15 years ago today, I had just finished working out in the fitness center of the American United Life Tower – now One America – in Indianapolis. I had just showered and was getting dressed when someone said that a plane had hit the World Trade Center. By the time I got out, many were glued to the TV. A second plane had hit the second tower. We all knew it had to be a planned terrorist attack. I immediately suspected, as did many others, that al Qaeda was responsible as they had attacked the embassies previously. Of course, we soon learned that in fact they were the perpetrators. We were completely stunned as watched the towers engulfed in flame and smoke and were horrified as people jumped to their deaths to escape the flames.
I shortly went upstairs to work. Everyone was glued to internet news. One Tower collapsed and we were completely dismayed. The second tower collapsed and we were sickened. We learned that the Pentagon had been hit. While there was no evidence there was a threat to our building – the 2nd tallest in Indianapolis – we could not help but worry that we might be next and what was next. Who was safe? How large was this attack? Were my wife and children safe? We were released to go home as no one was able to get work done.
The world changed that day in so many ways. I remember days of no contrails in the skies and no planes overhead. Shortly afterward came the anthrax attacks. No one felt safe. We all lived in fear. We were horrified at what had happened in New York and Washington. Yet stories of courage came from those hours. We heard of the bravery of first responders in New York. The stories of survival from the towers and in the Pentagon. Perhaps most stunning was the story of Flight 93 and courage of those passengers who likely gave their lives to save others from another attack.
We were unified as a nation in resolve as firefighters raised a flag over the ruins of the towers. We rallied around the President – who had not won the popular vote in the last election – and were heartened by his grabbing a bullhorn and letting the terrorists know that would hear from us and that they would be held responsible. Parties didn’t matter. We were all Americans and we had been attacked.
The fear from that day changed us in many ways. We demanded that the government deal with terrorists aggressively and surrendered many freedoms. I most cognizant of the scrutiny we now endure to board a plane as I write this in the air today. We enacted laws like the Patriot Act which gave our government the ability to intrude upon our privacy in a much greater way.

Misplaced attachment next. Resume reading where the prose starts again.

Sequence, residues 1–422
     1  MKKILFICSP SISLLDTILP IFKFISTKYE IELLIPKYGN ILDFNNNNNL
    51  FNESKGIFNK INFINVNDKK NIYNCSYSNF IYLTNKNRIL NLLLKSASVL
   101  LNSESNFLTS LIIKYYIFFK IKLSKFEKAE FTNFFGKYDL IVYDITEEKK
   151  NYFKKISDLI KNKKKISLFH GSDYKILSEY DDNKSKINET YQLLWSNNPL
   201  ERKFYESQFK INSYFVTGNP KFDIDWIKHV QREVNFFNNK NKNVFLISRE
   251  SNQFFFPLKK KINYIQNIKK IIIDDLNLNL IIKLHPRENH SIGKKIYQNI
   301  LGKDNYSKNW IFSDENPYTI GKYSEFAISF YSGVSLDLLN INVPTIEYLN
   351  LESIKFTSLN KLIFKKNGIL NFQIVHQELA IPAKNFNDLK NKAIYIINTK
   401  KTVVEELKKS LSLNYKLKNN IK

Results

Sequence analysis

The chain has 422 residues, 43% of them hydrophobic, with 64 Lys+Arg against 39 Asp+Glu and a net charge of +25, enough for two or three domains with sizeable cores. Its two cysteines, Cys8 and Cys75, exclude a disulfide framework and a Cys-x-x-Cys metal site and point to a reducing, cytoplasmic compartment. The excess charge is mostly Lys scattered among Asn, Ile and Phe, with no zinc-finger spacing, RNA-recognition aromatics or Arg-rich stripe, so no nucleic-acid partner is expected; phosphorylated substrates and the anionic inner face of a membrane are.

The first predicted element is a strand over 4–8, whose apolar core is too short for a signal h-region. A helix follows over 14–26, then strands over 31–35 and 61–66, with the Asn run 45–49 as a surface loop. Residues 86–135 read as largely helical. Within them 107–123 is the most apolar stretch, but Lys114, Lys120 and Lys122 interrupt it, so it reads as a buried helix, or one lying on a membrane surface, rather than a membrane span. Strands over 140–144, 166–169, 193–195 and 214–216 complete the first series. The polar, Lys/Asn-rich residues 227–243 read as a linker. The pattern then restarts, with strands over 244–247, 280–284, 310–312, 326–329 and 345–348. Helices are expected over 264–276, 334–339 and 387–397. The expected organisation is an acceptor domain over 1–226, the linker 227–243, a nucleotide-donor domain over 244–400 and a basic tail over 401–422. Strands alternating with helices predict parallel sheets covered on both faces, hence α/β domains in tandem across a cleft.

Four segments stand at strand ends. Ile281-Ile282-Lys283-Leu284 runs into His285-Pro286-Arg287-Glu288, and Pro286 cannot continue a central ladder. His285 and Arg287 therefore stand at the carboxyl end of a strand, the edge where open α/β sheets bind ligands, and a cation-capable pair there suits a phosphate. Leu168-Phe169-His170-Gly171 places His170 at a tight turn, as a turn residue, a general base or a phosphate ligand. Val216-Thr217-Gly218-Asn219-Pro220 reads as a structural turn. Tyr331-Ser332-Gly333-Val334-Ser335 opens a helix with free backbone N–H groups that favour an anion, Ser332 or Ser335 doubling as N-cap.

I guess it’s easy for me to reflect upon my own reactions and memories today being in the air on this day. I certainly had some trepidations about flying today. However, what happened 15 years ago is so much larger than our personal memories, fears and reflections. 3,000 Americans perished suddenly that day. They went to work like any ordinary day. They had no idea it would be their last day. Their families had no idea they would never see their loved ones again. None of these had anything to do with the complaints of the terrorists. They were ordinary Americans.
In addition to the ordinary citizens that were lost, many first responders died doing what they were trained to do – save lives, sometimes at the expense of their own. Many more have died since due to diseases from inhaling toxic fumes and dust from the debris as they sought to find survivors and recover the remains of those we lost.
As we reflect this day on the events of 15 years ago, think about the families who lost and may we be ever mindful of those we love. Don’t take them for granted. Don’t put off telling them how much you care.
Also as we reflect on the events of that day, I remember vividly how we came together as a nation. No one decided to use the national anthem as a political statement. People realized that as Americans we are all in this together. We stood as God Bless America was sung and many, including me, were brought to tears. We did not focus on our differences. We focused on what we had in common.
I don’t mean to minimize racial divides in our country or the inequities that are present. We are not perfect and we need to address those issues. However, need to reclaim that sense of what we have in common. We need to remember why we pursue justice and equality – because that is our heritage. We need to remember that those 3,000 died not because of what is wrong with America. They died because the perpetrators hated everything that unites us. The dead included many faiths, races, LGBT and straight.
The rancor of this election has had little to do with our shared values. We need to embrace those values – without losing the sense of urgency to address wrongs in our society or wrongfully denying they exist.
Let us remember those who left us that day. Let us remember the courage of those sacrificed all to save lives. Let us also remember for whom they sacrificed themselves – fellow Americans of all faiths, races, preferences and genders. For those in the NFL protesting today, you picked the wrong day. It’s pretty clear you don’t understand what the flag means. Ask those firemen.